→ A pivotal trial disaster has caught Faron Pharmaceuticals’ execs by surprise and crushed its stock. The Finnish biotech reported Tuesday that its lead drug, Traumakine, failed to meet the primary composite endpoint for efficacy in a Phase III trial for acute respiratory distress syndrome (ARDS). Immediately after the announcement, their shares $FARN slid 83% on the London Stock Exchange.
By the numbers, Traumakine actually did a little worse than placebo on all three counts of efficacy, though Faron pointed out that none of the differences were statistically significant. In the 300-person trial, by Day 28, patients treated with Traumakine had a medium of 10 ventilator free days, while the placebo group saw 8.5; all cause mortality at Day 28 was 26.4% those on Traumakine and 23% those given placebo; and mortality at Day 90 was 32.6% in the drug group compared to 31.6% in the placebo arm.
While disappointed, Faron CEO Markku Jalkanen stopped short of dismissing the drug entirely. With the European data in hand, the company will wait until the results of another PhIII study in Japan come out in Q3 to assess Traumakine’s future in the clinic. In his words: “We need to further analyse the data in order to understand how this study differs from our previous positive results with ARDS patients, both in terms of Traumakine’s efficacy, and in the unusually low mortality rate observed in the placebo arm.”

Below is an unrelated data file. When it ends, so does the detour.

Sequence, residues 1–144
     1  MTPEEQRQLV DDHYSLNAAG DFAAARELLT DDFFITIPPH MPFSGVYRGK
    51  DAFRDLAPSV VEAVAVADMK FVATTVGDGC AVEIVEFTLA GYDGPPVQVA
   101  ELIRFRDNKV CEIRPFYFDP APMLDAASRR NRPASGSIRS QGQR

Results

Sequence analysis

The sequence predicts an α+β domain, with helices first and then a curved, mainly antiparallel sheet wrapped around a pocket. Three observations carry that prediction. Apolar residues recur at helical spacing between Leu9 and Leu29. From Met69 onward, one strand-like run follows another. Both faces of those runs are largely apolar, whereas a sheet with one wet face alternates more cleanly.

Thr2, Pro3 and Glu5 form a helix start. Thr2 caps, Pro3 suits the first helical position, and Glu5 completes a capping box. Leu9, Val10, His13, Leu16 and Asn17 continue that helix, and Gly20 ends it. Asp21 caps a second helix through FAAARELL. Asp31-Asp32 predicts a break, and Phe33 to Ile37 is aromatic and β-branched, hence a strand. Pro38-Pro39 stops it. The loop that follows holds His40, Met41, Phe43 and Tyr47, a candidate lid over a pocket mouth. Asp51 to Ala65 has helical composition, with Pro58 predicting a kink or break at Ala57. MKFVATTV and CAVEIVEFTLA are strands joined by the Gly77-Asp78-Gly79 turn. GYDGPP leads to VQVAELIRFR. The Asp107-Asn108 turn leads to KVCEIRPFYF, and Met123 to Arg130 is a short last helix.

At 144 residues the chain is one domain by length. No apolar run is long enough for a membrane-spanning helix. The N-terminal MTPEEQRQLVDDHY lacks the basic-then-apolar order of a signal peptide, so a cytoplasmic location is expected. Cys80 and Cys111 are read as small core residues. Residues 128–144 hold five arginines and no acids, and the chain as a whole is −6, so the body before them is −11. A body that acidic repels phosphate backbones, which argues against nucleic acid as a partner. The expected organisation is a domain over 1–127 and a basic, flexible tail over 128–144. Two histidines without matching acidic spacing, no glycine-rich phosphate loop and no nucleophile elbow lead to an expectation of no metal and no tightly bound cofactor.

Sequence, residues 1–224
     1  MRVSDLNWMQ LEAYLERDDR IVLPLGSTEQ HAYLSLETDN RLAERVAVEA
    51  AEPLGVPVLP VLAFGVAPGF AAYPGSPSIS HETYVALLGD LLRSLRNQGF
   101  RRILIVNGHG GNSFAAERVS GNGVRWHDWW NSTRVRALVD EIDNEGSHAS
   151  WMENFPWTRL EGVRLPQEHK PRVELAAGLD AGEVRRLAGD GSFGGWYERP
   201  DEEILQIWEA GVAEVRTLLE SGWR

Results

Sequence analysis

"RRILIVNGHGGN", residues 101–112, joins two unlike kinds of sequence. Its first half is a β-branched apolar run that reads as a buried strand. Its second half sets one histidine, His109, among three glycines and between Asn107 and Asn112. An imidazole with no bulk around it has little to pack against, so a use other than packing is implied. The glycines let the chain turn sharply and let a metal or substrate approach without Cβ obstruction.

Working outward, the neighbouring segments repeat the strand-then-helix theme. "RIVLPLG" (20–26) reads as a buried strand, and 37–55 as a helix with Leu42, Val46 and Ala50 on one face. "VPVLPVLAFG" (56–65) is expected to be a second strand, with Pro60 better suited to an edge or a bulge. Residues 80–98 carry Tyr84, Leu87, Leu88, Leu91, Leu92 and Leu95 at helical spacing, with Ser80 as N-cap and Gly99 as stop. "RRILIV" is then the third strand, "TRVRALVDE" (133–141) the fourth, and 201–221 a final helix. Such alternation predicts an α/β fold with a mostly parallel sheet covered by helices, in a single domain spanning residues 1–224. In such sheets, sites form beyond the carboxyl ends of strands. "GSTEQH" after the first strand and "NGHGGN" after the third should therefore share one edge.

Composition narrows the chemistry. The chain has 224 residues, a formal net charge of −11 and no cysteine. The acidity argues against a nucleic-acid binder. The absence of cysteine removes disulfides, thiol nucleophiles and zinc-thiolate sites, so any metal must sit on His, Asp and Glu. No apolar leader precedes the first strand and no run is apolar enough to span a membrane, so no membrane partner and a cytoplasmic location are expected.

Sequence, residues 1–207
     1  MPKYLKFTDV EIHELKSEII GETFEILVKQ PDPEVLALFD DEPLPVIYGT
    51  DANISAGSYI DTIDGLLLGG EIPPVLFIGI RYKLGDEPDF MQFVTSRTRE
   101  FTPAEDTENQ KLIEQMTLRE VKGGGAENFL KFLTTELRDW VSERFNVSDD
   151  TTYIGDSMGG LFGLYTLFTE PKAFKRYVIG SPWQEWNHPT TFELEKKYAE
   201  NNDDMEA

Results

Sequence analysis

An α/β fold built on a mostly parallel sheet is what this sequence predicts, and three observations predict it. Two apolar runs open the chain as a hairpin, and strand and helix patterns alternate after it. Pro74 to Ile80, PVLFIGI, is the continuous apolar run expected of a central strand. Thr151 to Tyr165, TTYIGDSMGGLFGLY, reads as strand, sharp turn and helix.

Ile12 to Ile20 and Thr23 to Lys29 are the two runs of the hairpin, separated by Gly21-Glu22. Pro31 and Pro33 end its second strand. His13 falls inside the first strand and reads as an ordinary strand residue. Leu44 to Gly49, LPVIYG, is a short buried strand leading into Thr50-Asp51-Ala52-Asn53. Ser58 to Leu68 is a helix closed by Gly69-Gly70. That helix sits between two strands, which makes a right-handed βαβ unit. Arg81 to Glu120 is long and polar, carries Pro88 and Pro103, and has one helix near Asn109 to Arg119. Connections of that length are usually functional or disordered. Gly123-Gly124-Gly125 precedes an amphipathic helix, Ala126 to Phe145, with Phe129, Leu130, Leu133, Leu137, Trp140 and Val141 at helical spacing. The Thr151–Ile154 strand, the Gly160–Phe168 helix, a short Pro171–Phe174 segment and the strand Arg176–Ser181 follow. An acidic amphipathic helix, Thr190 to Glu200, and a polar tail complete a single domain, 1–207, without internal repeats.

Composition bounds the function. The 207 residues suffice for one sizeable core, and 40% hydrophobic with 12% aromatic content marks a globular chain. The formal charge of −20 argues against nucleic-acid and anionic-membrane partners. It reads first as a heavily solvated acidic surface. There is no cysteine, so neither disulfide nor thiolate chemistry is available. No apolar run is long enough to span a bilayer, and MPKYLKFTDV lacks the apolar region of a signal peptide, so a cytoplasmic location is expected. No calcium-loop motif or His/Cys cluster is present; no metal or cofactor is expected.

Regardless, he added, Faron will continue to develop solid cancer drug Clevegen, the next asset in the pipeline, with plans to initiate clinical development later this year.
→ There’s another big change in the works inside the executive suite at GlaxoSmithKline. CFO Simon Dingemans is in transition, with plans to leave the pharma giant next year. That gives GSK plenty of time to consider a successor to Dingemans as new CEO Emma Walmsley completes a makeover in the leadership group.
→ Cupertino-based drugmaker Durect Corp. is amending its deal with Novartis’ Sandoz unit on a development and commercialization agreement regarding Durect’s investigational drug Posimir. Under the original deal, Durect got a $20 million upfront payment, and was eligible for $43 million in development and regulatory milestones and up to $230 million in sales milestones and royalties. The amended agreement has Durect eligible for only $30 million in milestones triggered by FDA approval (sales milestones are unchanged). Both companies are permitted to develop and commercialize competing products and either party may terminate the contract for convenience, according to Durect’s news release.
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